NEW DELHI — In a fillip to India’s fashion industry, the government has set a zero excise duty on exports of cotton, spun yarn and apparel. The move went into effect March 1.
Industry analysts said the decision could mean the price of ready-made garments could come down by as much as 7 to 8 percent, benefitting manufacturers, retailers and customers. The announcement was made as a part of the Union Budget for 2013-14 by finance minister P. Chidambaram, with other incentives to keep the textile industry growing.
The apparel industry, which has been suffering from a slowdown, had been lobbying for the removal of the excise tax. Designers and various industry people have been protesting the tax since 2010.
“The withdrawal of the excise tax on branded apparel is a recognition by the government of India that the multiplier effects of jobs created in the textile and apparel industry far outweigh the benefits gained from taxing this industry,” William Bissell, managing director of FabIndia, told WWD. FabIndia is one of the leading retail chains in India that employs textile workers and artisans across the country.
Designer Tarun Tahiliani said the abolition of the tax would give designers much-needed relief from additional bureaucracy. “The system is hugely chaotic, so there is a huge hidden cost to keeping these things off your back,” he said, adding that it was “a very good thing that this excise tax has been abolished. It was abolished a few years ago, then it came back and sometimes the procedure itself was more damaging than the amount of the tax.”
Designer Nikasha Tawadey said that the removal of excise duty “was very welcome, but it was a sign that the community needed to keep together on important issues. If you don’t have a strong enough voice they will keep squeezing you. Designers often wear many hats at the same time, unlike the European counterparts, we often have a lack of major funding and work as accountant, production manager and designer at the same time. We do have our share of woes, and could do with some government help,” she said.
Asked if the benefit of the tax removal would be passed along to the consumer, Tahiliani and several retailers said that with the spring pricing already done and at the stores, the matter would have to be taken under consideration before a decision could be taken, but was more likely to be reflected in prices later in summer.
“Azzedine has been one of the biggest influences in my life. He has always been such a strong, loving, fatherly figure to me. I call him Papa. His designs are indescribably unique, they are pieces of art. He knew how to make the female form look its loveliest. I have so many memories of him; my favorite might be during my first show with him in Paris. He liked me and he wanted to help me get more work. He called all his friends at Kenzo and Comme des Garcons, and asked them to book me. They said, ‘But she can’t walk!’ And he said, ‘but she has such a great ass!' His friendship and support has been the great privilege of my career. I can't imagine life without him. Repose en paix mon Papa.” - @stephanieseymour tells @wwd. #wwdfashion (📷: @steveeichner) #alaia #azzedinealaia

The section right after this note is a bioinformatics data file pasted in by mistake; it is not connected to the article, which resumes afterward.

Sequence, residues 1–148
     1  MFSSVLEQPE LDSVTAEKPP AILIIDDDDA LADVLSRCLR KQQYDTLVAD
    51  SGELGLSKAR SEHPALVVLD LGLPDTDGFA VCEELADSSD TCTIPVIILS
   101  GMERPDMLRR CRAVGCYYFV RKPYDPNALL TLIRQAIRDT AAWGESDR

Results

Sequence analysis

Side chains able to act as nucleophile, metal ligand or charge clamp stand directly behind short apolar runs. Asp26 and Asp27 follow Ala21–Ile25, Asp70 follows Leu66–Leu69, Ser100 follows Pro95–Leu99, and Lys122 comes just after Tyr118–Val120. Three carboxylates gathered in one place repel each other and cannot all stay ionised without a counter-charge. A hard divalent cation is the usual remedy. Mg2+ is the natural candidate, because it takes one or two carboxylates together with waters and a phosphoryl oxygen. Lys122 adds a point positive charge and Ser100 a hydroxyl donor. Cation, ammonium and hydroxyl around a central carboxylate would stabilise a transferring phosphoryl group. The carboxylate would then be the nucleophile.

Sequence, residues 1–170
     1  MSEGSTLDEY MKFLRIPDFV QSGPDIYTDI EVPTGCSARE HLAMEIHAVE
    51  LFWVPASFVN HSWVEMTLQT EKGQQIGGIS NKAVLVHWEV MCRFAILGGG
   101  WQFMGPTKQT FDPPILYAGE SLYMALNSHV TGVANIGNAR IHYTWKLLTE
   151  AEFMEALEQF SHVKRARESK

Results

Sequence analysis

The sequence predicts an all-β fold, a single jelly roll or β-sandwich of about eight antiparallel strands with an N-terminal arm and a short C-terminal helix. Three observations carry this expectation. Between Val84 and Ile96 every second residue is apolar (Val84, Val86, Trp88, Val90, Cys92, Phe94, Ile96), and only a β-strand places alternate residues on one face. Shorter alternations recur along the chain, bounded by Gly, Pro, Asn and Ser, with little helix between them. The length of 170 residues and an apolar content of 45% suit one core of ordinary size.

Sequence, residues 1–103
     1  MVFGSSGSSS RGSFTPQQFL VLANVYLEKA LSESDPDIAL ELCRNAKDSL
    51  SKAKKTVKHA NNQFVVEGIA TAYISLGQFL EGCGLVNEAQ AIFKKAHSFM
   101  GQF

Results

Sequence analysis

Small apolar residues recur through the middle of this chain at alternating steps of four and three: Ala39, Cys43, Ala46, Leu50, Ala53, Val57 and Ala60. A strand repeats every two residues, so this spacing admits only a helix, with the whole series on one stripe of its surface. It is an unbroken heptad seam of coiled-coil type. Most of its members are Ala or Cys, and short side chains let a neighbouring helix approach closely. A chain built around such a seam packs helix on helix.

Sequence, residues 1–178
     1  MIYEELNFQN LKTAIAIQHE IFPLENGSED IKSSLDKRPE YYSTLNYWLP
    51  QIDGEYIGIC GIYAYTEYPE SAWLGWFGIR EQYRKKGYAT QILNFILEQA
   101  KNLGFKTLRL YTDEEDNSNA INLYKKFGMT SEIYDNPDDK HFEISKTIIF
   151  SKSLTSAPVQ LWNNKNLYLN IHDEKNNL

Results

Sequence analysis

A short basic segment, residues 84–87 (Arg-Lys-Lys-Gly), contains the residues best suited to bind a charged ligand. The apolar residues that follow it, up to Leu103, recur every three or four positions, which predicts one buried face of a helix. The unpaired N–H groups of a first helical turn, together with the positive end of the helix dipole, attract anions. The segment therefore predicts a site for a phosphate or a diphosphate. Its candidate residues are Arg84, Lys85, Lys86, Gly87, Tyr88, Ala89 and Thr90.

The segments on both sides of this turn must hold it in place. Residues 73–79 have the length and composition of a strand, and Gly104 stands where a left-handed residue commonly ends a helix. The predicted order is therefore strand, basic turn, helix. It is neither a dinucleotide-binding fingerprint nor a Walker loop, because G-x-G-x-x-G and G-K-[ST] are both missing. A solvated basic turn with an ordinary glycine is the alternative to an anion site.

Azzedine Alaïa, flanked by two of his closest friends, models Stephanie Seymour and Naomi Campbell.
He designed Seymour’s dress for her 1995 wedding to Peter Brant, and treated Campbell (who famously called him Papa), like a daughter. For more on the legendary designer, tap the link in bio. #wwdfashion #alaia #azzedinealaia
Azzedine Alaïa's “I-did-it-my-way” ethos stood out starkly at a time when brands are experimenting with consumer-facing fashion shows, coed formats and trans-seasonal collections – anything to perk up lackluster sales of ready-to-wear in an age of Insta-everything. “It’s not creation anymore. This becomes a purely industrial approach,” the late designer told WWD in an interview last year. “But anyway, the rhythm of collections is so stupid. It’s unsustainable. There are too many collections.” Read more about the iconic designer’s life and work on wwd.com, link in bio. #wwdfashion #azzedinealaia (📷: @WWD Archive, 1986) #alaia
Sneaker reselling app @goat’s latest exhibit, "The Greatest: New York," tells the story of New York's sneaker culture. To celebrate the exhibit, an intimate crowd gathered on Thursday night at the pop-up gallery space, located at Platform in Culver City, to hear guest speaker and illustrator @esymai talk about her own rise in streetwear and women in the business. "For me I'm just someone who is creative. I like to create things," said Chang. #wwdfashion
Azzedine Alaïa, one of the most iconic couturiers of the modern era whose body-con designs defined Eighties fashion, has died in Paris. The diminutive Tunisian-born designer, known for his structured knitted dresses with fitted waists and impeccably cut, figure-hugging second skin silhouettes was deeply admired by his peers, and counted supermodel Naomi Campbell - his adoptive daughter - among his inner circle, one of a gang of glamazons including Farida Khelfa, Carla Bruni and Stephanie Seymour who became ambassadors of his style. (📷: Alexandre Guirkinger) #wwdblast